Out again with Ed, this time to Schofields, north-east of Sydney, to look for Swift Parots that had been reported there for a few days previously. On route to the site, a few large flocks of Sulphur-crested Cockatoos were lining the roadside. After arriving at the site, we could hear Bell Miners with their odd ringing call and a group of around twenty Cattle Egrets were in a field. Ed played the call of the Swift Parrot to give an idea of what to listen for, which sent up a flock of Common Starlings and House Sparrows from a neighbouring garden. A Noisy Miner decided to take a look at us and see where the noise was coming from. While sorting out kit, a Collared Sparrowhawk flew up from long grass to eat a small bird on a fence. One of the Bell Miners gave us a good view and we also saw a Common Blackbird, Willie Wagtails, Superb Fairy-wrens and Spotted Turtle Doves.
As we walked down the road, a White-plumed Honeyeater was inspecting a gum tree and a flock of Dusky Woodswallows soared overhead. A large flock of Straw-necked Ibis flew past at a distance. While looking for a flock of lorikeets that had flown past us too quickly to identify, we were met by two more birders we had arranged to meet. The four of us went to look for the Swift Parrots. A little further down, we saw Scaly-breasted Lorikeets fly over. A few Galahs were present and a large mixed flock of Starlings and Red-rumped Parrots were feeding in a garden with some Magpie-larks A strange parrot-like call was heard, which wasn’t recognised at first, but eventually placed to an aviary of Rose-ringed Parakeets in a garden. A large flock of Chestnut-breasted Mannikins were in some shrubbery and let us have a look at them. A few Eastern Rosellas were also present.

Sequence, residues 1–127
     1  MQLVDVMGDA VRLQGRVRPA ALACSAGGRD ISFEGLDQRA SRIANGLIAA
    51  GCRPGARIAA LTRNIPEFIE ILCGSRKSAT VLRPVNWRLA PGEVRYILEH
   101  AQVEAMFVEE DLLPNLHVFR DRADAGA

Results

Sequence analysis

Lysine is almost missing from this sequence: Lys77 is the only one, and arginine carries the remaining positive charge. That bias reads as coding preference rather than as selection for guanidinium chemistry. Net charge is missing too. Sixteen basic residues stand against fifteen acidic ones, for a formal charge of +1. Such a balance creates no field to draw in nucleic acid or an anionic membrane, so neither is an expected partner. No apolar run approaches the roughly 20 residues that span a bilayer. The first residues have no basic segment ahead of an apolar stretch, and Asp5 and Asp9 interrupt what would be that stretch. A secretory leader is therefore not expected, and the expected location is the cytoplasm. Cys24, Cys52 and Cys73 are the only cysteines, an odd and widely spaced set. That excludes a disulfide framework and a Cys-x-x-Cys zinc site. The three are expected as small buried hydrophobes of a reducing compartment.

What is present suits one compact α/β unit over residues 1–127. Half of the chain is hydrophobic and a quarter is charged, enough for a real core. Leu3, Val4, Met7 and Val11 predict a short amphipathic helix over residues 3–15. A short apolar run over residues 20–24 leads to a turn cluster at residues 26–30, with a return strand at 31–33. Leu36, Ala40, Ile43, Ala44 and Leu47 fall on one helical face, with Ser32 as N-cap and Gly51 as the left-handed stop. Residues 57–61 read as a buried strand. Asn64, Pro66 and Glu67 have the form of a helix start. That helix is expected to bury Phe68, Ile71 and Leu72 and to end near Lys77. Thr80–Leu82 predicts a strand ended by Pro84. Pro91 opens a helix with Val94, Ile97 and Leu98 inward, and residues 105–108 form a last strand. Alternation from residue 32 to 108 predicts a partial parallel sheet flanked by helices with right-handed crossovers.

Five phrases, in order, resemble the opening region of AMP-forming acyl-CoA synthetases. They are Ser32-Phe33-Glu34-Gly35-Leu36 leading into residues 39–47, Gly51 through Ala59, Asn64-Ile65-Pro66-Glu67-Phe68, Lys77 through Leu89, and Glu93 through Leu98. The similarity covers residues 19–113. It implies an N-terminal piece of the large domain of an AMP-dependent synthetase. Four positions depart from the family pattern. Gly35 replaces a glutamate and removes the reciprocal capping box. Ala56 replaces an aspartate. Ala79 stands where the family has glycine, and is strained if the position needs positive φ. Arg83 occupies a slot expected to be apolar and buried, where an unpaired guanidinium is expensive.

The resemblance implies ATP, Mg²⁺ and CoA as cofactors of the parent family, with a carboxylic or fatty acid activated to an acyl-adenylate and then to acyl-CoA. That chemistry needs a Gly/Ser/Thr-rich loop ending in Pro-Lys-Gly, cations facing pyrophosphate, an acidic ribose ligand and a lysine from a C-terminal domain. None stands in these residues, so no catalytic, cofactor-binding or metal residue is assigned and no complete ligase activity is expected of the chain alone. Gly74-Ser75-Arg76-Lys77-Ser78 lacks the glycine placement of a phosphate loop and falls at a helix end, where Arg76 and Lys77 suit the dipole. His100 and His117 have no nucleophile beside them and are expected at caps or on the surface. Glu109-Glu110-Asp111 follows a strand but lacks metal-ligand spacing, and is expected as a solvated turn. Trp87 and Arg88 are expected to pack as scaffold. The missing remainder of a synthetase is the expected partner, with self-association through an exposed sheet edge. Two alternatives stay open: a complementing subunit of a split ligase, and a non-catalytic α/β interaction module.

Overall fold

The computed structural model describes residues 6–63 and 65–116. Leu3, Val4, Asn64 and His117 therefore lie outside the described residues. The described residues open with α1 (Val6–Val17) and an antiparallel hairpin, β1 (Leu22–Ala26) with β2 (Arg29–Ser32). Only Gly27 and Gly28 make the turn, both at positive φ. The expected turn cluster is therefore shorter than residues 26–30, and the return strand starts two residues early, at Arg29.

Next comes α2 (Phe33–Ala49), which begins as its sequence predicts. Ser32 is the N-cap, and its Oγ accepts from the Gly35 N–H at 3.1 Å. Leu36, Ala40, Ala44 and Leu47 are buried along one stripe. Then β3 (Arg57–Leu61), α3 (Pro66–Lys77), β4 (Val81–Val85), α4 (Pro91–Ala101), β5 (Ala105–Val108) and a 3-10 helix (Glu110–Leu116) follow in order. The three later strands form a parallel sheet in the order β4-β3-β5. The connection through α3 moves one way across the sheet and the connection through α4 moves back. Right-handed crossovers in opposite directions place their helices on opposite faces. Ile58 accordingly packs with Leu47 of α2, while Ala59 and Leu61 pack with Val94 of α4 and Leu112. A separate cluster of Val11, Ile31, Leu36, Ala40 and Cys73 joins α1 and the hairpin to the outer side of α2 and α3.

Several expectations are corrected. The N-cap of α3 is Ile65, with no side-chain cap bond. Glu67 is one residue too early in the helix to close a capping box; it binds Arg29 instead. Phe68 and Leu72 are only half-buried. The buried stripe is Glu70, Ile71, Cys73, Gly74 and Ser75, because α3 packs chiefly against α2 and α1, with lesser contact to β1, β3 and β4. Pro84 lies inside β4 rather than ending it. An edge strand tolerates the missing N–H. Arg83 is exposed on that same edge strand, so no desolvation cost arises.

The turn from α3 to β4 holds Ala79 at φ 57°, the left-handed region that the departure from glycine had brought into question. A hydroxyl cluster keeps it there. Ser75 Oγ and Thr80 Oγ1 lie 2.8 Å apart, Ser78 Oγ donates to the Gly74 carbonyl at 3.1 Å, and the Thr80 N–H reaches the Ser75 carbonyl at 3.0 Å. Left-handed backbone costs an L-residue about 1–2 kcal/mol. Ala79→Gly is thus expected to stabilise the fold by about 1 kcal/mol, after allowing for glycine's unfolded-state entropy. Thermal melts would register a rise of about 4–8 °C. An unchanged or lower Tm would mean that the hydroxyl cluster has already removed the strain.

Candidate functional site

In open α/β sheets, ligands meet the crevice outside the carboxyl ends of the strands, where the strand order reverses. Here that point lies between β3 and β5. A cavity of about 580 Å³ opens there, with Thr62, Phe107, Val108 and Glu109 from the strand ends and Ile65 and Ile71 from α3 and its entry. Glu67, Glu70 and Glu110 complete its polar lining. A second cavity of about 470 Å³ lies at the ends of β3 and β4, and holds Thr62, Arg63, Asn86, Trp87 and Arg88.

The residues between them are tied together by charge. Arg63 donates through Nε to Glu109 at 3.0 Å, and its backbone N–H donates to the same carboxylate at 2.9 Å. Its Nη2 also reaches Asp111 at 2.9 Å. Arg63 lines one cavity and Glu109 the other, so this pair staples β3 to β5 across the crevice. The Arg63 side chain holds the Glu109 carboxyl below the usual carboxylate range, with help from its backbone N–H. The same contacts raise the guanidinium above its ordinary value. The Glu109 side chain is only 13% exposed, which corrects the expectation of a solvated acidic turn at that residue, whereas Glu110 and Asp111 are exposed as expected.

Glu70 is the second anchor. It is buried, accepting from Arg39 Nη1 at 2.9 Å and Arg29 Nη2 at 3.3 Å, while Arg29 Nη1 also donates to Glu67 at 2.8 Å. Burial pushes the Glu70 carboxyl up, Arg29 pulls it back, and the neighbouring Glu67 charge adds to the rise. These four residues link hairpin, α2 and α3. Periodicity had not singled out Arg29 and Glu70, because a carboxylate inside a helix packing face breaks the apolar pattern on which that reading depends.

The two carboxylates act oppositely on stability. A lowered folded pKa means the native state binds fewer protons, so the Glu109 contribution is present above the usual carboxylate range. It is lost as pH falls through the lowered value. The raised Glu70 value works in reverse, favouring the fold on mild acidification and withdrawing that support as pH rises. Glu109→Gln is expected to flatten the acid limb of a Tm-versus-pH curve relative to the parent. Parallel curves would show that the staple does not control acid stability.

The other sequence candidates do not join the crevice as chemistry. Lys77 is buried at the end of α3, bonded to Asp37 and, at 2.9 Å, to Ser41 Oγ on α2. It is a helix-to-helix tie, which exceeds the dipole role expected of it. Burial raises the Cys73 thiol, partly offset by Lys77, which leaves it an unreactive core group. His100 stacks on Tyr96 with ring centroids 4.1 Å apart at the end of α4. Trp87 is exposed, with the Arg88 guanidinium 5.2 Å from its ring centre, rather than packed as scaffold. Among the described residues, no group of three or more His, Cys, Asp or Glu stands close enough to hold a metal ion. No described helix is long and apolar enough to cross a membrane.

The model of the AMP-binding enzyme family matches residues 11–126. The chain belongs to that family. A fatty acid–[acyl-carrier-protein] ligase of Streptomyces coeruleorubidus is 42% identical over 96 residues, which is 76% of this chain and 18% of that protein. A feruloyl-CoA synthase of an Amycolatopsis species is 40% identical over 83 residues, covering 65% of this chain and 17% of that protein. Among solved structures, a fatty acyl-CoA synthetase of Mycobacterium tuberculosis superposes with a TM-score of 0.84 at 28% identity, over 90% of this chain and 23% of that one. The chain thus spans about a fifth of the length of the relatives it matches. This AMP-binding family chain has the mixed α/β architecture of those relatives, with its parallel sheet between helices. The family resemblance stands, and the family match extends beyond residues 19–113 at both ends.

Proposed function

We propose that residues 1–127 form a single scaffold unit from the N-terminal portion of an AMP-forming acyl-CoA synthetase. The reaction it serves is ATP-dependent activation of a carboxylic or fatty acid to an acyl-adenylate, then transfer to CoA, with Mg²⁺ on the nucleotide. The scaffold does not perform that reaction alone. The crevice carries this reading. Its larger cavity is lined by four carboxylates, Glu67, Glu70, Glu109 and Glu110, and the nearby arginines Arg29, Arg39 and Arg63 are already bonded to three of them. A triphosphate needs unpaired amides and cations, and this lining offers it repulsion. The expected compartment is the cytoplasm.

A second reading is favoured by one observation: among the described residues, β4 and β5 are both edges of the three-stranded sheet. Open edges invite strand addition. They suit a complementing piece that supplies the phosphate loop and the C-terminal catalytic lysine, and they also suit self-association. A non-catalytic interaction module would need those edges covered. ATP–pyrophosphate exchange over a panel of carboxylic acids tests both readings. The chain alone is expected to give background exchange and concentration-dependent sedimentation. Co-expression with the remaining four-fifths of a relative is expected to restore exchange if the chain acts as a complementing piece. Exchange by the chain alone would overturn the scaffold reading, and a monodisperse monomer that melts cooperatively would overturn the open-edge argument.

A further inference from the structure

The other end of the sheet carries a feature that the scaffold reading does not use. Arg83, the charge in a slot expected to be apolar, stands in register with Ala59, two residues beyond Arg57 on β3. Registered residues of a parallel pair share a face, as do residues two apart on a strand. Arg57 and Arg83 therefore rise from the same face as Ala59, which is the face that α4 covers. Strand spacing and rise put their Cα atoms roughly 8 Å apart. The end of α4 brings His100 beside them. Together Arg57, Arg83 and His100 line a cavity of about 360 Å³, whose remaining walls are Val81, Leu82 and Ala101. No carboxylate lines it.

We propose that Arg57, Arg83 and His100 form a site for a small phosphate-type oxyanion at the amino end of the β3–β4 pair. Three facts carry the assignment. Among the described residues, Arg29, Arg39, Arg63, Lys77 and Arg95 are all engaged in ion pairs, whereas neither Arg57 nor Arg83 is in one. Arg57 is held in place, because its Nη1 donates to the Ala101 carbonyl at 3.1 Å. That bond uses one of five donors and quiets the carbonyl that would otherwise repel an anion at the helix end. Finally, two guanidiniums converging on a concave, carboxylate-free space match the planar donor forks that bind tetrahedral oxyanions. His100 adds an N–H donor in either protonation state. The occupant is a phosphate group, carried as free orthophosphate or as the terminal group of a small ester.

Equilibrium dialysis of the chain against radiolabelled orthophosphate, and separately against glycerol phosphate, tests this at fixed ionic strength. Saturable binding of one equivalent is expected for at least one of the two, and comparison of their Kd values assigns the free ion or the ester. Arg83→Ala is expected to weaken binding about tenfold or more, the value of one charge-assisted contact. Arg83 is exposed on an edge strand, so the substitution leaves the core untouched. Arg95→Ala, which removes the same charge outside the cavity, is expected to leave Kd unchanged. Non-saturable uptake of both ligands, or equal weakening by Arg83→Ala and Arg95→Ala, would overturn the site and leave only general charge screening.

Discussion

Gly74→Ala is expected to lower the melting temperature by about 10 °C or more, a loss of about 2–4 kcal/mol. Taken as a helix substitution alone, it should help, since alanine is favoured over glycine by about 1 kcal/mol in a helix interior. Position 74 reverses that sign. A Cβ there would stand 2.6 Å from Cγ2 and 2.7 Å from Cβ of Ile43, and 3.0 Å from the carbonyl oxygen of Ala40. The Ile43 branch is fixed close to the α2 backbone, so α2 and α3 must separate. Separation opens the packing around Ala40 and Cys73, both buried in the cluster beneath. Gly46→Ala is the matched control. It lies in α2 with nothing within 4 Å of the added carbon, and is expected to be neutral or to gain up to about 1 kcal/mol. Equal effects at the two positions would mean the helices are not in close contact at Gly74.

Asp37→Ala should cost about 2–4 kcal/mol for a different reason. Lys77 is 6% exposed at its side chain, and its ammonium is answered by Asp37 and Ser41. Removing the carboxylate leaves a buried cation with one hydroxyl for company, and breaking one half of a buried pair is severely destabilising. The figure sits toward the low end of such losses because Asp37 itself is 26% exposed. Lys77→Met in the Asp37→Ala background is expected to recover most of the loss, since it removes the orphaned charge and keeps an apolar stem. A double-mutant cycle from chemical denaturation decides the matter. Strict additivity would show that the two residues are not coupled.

So far, no sign of the Swift Parrots and the light was almost gone. As we made our way back to the cars, a Black-shouldered Kite flew over.
We left for the second part of the trip – spotlighting at Mitchell Park, a few kilometres to the north. The site is good for quite a few birds in the day, but also for night birds and mammals after sunset.
Not long after entering the park, Ed caught sight of several pairs of glowing eyes, reflecting the light of his torch, which turned out to be a family of Ring-tailed Possums - an adult and two young. Another adult was also there. Nearby, high in a tree, was a Brush-tailed Possum. A few Swamp Wallabies were crashing about, although we didn’t see them. Ed was interesting in seeing Yellow-bellied Gliders, so we went further into the park. Further down by a bridge, we found another Ring-tailed Possum, quite close to us.
No sign of any gliders, so we walked back down the track. We did find a patch of gum tree where the bark had been bitten to expose the sap, which gliders feed on, but no glider, despite twenty minutes of searching. However, there was another Brush-tailed Possum eating leaves only a few metres from us.
Further on, two Tawny Frogmouths were perching above the road. I was particularly happy about this as I had wanted to see one and not managed it until then. They were both unfazed by the light or our presence and just looked at us as we took photos.
The only other creature we spotted on the way back was a rat of some species, but at the car was another Brush-tailed Possum.
A pretty good day's birding with three lifers, (plus one introduced), one year tick and two new mammals.